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How To Write An A-Grade Literature Review:

Quality research is about building onto the existing work of others, “standing on the shoulders of giants”, as Newton put it. The literature review chapter of your dissertation or thesis is where you synthesise this prior work and lay the foundation for your own research. It’s no surprise then that it’s a critically important chapter.

In this post, I’ll show you exactly how to write a literature review in three straightforward steps, so you can conquer this vital chapter (the smart way).

But first, the “why”…

Before we get started on HOW to write the literature review chapter, we’ve got to look at the WHY. To put it bluntly, if you don’t understand the real purpose of this chapter, there’s no way you can pull it off well.

So, what exactly is the purpose of the literature review process? There are at least four core functions:

  1. For you to gain an understanding (and demonstrate this understanding) of where the research is at currently, what the key arguments, conflicts, etc are.
  2. For you to identify the gap(s) in the literature and then use this as justification for your research topic.
  3. To help you build a theoretical framework for empirical testing (if applicable to your research topic).
  4. To inform your methodological choices (i.e. see what methods were used in similar studies) and help you source tried and tested questionnaires (for interviews) and measurement instruments (for surveys).

Most students understand the first point but don’t give any thought to the rest. To get the most from the literature review process, you must keep all four points front of mind as you review the literature (more on this,
shortly), or you’ll land up with a wonky foundation.

Right – with the WHY out the way, let’s move on to the HOW. As mentioned above, writing your literature review is a process, which I’ll break down into three steps:

  1. Finding the most suitable literature (treasure hunting).
  2. Understanding, distilling and organising the literature.
  3. Planning and writing up your literature review.

Importantly, you must complete steps one and two before you start writing up your chapter. I know it’s very tempting, but don’t try to kill two birds with one stone and write as you read. You’ll invariably end up wasting huge amounts of time re-writing and re-shaping, or you’ll just land up with a disjointed, hard to digest mess. Instead, you need to read first and distil the information, then plan and execute the writing. Trust me on this one!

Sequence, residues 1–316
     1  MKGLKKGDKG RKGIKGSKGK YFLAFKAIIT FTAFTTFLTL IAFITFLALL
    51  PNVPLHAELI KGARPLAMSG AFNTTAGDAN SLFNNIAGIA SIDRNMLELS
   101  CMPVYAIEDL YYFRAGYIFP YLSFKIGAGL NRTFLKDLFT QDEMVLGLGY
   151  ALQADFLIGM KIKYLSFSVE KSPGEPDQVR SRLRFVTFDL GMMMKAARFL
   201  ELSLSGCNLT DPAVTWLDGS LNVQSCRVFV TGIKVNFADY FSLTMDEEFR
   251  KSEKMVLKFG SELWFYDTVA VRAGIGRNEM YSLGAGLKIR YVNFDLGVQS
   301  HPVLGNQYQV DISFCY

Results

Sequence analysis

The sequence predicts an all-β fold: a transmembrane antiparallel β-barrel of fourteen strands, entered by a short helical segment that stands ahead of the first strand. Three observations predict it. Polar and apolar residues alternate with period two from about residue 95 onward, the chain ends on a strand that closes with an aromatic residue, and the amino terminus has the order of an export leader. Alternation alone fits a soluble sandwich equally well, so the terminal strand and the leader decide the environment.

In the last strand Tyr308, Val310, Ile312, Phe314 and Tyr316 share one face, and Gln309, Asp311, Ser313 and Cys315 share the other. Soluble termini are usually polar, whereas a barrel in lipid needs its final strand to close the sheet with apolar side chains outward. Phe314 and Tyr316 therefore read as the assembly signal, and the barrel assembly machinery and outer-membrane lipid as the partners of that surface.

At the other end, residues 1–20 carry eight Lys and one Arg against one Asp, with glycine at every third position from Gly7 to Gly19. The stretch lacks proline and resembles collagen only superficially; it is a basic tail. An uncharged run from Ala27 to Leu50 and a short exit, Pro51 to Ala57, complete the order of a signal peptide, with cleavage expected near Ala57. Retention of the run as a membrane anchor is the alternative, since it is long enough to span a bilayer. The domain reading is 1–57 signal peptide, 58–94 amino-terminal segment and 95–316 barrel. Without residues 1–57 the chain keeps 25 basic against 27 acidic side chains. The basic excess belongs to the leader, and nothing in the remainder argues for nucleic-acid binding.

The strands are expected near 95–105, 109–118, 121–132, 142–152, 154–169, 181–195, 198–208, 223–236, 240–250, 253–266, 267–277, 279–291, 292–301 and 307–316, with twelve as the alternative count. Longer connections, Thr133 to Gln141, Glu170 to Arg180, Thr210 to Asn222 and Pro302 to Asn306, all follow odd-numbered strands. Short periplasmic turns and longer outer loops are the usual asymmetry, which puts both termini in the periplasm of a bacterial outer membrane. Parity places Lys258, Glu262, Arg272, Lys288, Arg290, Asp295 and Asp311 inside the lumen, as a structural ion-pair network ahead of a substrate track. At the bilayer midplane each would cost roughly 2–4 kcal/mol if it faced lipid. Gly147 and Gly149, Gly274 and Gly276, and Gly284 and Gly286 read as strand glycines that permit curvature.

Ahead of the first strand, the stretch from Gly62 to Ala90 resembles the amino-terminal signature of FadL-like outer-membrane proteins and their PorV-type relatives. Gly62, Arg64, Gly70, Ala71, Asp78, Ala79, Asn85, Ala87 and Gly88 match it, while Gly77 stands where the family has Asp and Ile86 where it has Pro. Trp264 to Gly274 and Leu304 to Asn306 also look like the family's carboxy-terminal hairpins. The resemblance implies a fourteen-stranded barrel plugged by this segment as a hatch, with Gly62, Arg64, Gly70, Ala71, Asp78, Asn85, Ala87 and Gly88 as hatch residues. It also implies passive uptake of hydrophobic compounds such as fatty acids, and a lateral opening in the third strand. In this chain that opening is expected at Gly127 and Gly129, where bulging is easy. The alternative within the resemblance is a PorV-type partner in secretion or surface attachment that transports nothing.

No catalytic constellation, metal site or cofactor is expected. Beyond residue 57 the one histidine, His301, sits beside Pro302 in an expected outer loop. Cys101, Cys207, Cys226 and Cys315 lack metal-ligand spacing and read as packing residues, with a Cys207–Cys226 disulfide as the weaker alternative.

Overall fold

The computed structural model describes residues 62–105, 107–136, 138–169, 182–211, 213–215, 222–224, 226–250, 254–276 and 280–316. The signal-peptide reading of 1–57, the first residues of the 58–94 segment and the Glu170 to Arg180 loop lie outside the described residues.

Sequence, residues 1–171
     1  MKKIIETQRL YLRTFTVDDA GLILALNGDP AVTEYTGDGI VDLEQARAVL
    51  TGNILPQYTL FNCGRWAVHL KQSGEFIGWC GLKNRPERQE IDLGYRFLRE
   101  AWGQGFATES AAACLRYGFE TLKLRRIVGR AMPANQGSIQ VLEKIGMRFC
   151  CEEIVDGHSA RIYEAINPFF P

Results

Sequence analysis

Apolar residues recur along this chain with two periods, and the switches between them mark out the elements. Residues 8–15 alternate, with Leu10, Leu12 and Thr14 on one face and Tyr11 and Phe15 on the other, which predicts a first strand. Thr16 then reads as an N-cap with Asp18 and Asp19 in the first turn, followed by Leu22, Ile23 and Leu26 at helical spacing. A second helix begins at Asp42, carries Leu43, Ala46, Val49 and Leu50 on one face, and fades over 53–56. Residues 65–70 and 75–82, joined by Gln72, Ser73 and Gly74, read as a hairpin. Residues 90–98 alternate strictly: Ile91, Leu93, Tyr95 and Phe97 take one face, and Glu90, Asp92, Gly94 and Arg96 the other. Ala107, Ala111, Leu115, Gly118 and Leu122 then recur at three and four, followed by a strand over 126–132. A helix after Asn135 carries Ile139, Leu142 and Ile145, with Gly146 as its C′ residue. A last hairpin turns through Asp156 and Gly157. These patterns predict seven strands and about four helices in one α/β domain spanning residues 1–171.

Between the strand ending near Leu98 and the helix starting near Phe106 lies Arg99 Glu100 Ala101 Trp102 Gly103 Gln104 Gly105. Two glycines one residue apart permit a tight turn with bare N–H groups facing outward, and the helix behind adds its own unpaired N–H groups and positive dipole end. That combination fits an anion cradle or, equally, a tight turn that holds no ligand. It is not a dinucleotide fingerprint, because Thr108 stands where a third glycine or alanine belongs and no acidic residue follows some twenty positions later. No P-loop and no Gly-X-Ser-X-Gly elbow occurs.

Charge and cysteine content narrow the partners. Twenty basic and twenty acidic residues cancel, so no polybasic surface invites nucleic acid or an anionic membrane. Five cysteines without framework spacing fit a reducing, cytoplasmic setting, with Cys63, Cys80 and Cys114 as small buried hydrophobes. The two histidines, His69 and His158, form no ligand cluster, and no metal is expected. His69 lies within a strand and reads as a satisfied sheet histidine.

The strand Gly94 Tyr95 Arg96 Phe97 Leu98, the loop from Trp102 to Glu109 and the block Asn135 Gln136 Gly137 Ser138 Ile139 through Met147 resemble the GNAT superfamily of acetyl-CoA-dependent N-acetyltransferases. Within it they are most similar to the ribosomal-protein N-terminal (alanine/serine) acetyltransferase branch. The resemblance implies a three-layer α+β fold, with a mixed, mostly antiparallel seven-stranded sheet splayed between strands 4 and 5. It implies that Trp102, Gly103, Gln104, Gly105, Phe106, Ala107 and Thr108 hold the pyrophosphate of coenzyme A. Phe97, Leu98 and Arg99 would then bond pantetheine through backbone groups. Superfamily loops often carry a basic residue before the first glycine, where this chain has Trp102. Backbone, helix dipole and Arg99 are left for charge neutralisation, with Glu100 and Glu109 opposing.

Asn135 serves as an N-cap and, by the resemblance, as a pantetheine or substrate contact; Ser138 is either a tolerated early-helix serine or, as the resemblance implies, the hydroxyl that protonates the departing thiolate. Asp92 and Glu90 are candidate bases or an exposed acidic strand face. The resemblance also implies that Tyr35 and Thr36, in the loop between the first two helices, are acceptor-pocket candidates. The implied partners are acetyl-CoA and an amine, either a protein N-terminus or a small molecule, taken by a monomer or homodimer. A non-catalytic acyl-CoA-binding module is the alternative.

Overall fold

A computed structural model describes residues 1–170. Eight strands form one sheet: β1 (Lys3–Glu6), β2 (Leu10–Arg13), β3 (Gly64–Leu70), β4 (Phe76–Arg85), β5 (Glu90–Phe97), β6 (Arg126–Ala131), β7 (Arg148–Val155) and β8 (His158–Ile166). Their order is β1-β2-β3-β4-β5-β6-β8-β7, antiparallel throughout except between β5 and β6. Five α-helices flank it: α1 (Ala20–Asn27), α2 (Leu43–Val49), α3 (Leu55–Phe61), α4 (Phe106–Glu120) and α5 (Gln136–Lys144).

Overview:
How To Write A Literature Review

    1. How to use Google Scholar to find key literature
    2. How to “snowball” journal articles to go deeper
    3. Where to find past dissertations & theses to “scavenge” from
    1. How to log all your reference information in one place
    2. How to building an organised, scannable catalogue
    3. How to digesting & synthesise your literature to get the “big picture”
    1. How to plan out your chapter structure/outline
    2. How to write up your literature review

    Step 1: Find the relevant literature

    Naturally, the first step in the literature review journey is to hunt down the existing research that’s relevant to your topic. While you probably already have a decent base of this from your research proposal, you need to expand on this substantially in the dissertation or thesis itself. Essentially, you need to be looking for any existing literature that potentially helps you answer your research question (or develop it, if that’s not yet pinned down). So, you need to put on your hunting cap.

    There are numerous ways to find relevant literature, but I’ll cover my top four tactics here. I’d suggest combining all four methods to ensure that nothing slips past you: